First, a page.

We all know that you should always try and run a color concentrate with a carrier resin that matches the material that you running it in. But what if you don’t have the right color concentrate?
One the biggest technological advancements in plastics over the last 30 or so years have been the improvement in UV stability. I can remember how fast vinyl dashboards in cars used to split and crack from sunlight exposure. Today, you rarely see that until the car has been in the junk yard for a few years. Even white vinyl siding and fencing seem to hold their color reasonably well for a decade or more. This is thanks to additives manufacturers developing really sophisticated stabilizers and anti-oxidants that can be compounded into various plastic materials.
In this post, I wanted to de-mystify what causes UV damage to plastics and how UV stability is tested.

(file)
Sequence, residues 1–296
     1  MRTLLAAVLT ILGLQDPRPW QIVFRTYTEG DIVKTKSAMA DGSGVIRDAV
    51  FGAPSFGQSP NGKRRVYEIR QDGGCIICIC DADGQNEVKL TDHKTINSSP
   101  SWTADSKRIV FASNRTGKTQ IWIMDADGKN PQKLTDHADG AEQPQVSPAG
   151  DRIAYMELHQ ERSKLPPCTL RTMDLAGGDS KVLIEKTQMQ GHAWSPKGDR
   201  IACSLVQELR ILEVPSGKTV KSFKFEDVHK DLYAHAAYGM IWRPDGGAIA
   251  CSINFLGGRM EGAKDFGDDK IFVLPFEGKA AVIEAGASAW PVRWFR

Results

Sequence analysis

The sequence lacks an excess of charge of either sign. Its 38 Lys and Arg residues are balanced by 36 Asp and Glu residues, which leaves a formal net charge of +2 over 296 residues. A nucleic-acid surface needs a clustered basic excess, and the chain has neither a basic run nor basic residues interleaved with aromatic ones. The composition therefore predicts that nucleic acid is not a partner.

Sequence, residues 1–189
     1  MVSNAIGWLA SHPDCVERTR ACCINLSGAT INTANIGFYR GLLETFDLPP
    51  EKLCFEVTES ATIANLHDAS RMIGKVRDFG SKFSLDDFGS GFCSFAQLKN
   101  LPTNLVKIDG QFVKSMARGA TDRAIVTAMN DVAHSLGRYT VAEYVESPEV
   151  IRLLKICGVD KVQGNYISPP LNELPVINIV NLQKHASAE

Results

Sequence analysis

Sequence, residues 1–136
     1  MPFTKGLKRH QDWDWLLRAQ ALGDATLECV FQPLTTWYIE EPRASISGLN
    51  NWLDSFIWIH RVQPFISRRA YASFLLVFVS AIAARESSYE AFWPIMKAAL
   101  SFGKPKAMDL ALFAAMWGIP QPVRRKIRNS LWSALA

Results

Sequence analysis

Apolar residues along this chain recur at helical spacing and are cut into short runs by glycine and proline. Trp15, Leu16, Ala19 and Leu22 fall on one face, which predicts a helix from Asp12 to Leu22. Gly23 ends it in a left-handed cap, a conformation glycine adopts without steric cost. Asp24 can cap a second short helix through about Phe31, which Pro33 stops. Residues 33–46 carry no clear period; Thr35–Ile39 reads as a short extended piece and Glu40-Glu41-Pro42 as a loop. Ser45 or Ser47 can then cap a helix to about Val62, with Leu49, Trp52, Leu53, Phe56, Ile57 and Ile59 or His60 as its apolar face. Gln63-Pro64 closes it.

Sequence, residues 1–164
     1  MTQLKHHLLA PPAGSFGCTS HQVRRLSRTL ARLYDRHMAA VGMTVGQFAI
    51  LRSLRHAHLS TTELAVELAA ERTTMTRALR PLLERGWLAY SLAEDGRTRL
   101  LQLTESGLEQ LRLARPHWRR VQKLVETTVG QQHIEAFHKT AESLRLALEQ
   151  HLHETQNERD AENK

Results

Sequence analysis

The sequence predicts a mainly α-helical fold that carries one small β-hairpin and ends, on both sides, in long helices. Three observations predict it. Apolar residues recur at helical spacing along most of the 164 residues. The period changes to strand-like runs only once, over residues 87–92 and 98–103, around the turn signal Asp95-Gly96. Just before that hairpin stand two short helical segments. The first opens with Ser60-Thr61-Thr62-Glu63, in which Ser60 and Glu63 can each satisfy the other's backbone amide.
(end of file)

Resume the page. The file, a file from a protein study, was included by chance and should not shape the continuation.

Everyone have a fun and safe 4th.
There is an excellent albeit highly technical article in the April 2016 SPE magazine, Plastics Engineering, about the differences between thermoplastic elastomers (TPE) and thermoset rubber. You can read it here.
Because I talk primarily about thermoplastics here at The Weekly Pellet, I thought that I might expand on the article a little bit and talk about the different types of TPE that are commercially available.